This week, travel startups announced more than $101 million in funding for a range of concepts, including cross-border payments technology, short-term property management services, digital marketing help, and hotel tech.
Travel Startup Funding This Week
Each week we round up travel startups that have recently received or announced funding. Please email Travel Tech Reporter Justin Dawes at [email protected] if you have funding news.
This week, travel startups announced more than $101 million in funding.
The World Bank’s International Finance Corporation, Cento Ventures, and Arbor Ventures participated. The startup has now raised $70 million since its founding in Bangkok in 2003.
2C2P isn’t a travel startup. But travel companies currently make up the most significant slice of its clients for digital payment services. The startup assists regional airlines, online travel companies, and other e-commerce players in accepting and processing cross-border currency payments from customers in Southeast Asia.
>>Decibel, a provider of digital experience intelligence solutions, has raised $17 million in Series B funding.
Draper Esprit led the round in the London-based company.
Decibel isn’t a travel startup. But many travel brands, such as British Airways and TUI Group, use its software to study how easy it is for consumers to use their websites and mobile apps.
>>Leavy, a short-term rental startup, has raised $14 million in seed funding.
Prime Ventures led the round. Angel investor Dominique Vidal, a partner at Index Ventures, participated.
Unlike most other short-term rental marketplaces, Leavy guarantees that property owners will make money during the time they put their urban apartment up for hosting. The promise holds, regardless of whether Leavy finds a guest to book the place.
More than 65,000 millennials, about 60 percent of whom are women, have become members since the Paris-based service launched nearly two years ago, said CEO and co-founder Aziza Chaouachi. The company serves markets in Paris, Amsterdam, London, Rome, Madrid, and Lisbon, and it has plans to open a U.S. office within the next couple of months, she said.
The company said it has advanced software skill at matching renters with hosts and maximizing revenue based on supply and demand.
>>Htrip, a hotel tech company, has raised about $14 million (100 million yuan) in an extension to its Series A funding.
Shenzhen Capital Group led the round. 36kr first reported the funding.
In April, Htrip announced a Series A round of funding of about $8.5 million, led by Guangdong Jianrong Accommodation Rental Service. It previously raised about $1 million in seed funding.
The Guangzhou-based company provides Chinese hotels with operations software, such as revenue management systems and on-demand video and smart TVs for guest rooms. Htrip said its systems are in use in more than 3,000 hotels that together operate 266,000 rooms.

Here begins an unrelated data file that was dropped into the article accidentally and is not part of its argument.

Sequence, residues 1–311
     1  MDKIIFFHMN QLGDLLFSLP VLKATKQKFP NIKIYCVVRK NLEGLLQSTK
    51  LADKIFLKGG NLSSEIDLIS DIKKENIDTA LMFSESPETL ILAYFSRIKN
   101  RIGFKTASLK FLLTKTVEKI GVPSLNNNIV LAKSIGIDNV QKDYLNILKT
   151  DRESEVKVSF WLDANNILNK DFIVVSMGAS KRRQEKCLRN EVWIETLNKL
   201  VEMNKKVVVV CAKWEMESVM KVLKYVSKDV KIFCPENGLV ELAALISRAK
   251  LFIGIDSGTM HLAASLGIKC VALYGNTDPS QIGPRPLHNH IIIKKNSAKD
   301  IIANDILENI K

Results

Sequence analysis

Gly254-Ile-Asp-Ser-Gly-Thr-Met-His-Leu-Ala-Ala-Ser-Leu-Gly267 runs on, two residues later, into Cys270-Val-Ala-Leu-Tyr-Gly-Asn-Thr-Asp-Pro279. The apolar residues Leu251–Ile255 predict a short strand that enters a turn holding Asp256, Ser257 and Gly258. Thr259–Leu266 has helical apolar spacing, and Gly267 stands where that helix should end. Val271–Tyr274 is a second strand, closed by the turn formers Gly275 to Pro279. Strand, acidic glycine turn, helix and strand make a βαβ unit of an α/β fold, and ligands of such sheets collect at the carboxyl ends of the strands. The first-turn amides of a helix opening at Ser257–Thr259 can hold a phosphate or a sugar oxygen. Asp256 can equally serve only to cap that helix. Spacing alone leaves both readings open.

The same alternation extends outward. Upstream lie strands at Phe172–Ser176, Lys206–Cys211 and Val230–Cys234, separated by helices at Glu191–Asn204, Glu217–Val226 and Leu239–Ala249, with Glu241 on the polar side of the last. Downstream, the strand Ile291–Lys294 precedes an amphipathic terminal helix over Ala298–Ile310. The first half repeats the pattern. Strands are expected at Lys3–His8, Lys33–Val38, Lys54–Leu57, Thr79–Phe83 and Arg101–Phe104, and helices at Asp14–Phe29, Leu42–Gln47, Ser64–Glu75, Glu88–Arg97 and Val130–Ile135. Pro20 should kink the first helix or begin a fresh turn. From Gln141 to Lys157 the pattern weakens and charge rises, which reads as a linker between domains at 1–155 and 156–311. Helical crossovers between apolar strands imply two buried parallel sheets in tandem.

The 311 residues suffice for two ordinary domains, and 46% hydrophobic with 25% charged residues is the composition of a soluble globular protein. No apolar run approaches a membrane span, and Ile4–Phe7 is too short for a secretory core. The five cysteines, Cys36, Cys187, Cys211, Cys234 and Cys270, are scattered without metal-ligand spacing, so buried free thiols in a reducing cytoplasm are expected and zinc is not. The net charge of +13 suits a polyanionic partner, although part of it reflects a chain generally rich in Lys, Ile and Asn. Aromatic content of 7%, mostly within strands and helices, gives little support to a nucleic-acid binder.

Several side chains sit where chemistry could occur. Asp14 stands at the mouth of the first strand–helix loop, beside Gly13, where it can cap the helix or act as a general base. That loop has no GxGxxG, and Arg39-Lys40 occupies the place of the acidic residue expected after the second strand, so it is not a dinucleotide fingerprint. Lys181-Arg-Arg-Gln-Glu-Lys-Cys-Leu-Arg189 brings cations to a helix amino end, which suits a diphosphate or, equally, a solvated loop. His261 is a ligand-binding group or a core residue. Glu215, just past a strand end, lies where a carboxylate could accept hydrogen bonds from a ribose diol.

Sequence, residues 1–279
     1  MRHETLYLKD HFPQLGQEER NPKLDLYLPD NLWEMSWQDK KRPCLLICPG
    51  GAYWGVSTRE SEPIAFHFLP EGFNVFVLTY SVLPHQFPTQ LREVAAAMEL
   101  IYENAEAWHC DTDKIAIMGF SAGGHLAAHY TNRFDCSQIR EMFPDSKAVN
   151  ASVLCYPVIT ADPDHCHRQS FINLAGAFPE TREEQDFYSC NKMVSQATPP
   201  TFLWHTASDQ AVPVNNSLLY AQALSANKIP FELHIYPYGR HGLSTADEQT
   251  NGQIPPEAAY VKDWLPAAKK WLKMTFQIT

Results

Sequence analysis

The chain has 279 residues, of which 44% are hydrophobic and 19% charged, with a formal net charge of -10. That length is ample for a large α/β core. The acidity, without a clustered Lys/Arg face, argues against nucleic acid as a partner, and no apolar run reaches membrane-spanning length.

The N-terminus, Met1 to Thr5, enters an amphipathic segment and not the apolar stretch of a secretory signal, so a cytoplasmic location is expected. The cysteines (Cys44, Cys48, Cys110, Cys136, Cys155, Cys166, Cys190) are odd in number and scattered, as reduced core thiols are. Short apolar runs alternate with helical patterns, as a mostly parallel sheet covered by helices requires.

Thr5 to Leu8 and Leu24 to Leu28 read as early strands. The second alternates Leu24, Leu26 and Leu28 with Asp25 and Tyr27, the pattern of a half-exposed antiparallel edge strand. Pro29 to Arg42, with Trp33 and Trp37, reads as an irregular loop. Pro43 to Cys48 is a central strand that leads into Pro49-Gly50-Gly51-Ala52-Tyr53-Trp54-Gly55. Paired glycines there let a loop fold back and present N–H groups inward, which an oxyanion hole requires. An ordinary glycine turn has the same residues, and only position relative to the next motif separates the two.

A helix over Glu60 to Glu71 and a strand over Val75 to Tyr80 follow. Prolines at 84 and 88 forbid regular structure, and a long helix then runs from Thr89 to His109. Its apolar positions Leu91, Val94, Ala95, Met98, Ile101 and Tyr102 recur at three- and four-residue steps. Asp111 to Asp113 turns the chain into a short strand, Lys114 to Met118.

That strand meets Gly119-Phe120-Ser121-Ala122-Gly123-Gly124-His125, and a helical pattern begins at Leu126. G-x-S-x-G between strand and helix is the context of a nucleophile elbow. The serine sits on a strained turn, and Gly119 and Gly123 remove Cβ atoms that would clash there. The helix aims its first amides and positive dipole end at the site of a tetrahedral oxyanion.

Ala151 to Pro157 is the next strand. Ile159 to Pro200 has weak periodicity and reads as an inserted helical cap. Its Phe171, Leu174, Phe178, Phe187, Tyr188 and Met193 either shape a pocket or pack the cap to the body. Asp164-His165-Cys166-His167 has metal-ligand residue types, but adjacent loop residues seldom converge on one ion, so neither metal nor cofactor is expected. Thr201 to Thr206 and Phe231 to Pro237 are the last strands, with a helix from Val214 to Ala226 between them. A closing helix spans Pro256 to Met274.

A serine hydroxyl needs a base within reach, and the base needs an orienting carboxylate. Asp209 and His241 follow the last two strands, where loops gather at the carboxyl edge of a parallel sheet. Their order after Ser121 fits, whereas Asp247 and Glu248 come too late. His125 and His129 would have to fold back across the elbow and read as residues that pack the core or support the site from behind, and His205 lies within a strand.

>>Hometime, a short-term rental management startup, has raised $4 million ($6.7 million Australian) in Series A funding.
NAB Ventures and AS1 Capital led the round. In May, the startup raised about $4 million, too.
Like other property management companies, Hometime helps bring professional management to short-term rentals in Australia and New Zealand.
Skift Cheat Sheet:
We define a startup as a company formed to test and build a repeatable and scalable business model. Few companies meet that definition. The rare ones that do often attract venture capital. Their funding rounds come in waves.
Seed capital is money used to start a business, often led by angel investors and friends or family.
Series A financing is typically drawn from venture capitalists. The round aims to help a startup’s founders make sure that their product is something that customers truly want to buy.
Series B financing is mainly about venture capitalist firms helping a company grow faster. These fundraising rounds can assist in recruiting skilled workers and developing cost-effective marketing.
Series C financing is ordinarily about helping a company expand, such as through acquisitions. In addition to VCs, hedge funds, investment banks, and private equity firms often participate.
Series D, E and beyond These mainly mature businesses and the funding round may help a company prepare to go public or be acquired. A variety of types of private investors might participate.
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Photo credit: Aung Kyaw Moe, founder and CEO of 2C2P, poses for a photograph in Bangkok, Thailand, on Thursday, January 2018. 2C2P is a digital payments platform that has just raised a fresh round of funding. Taylor Weidman / Bloomberg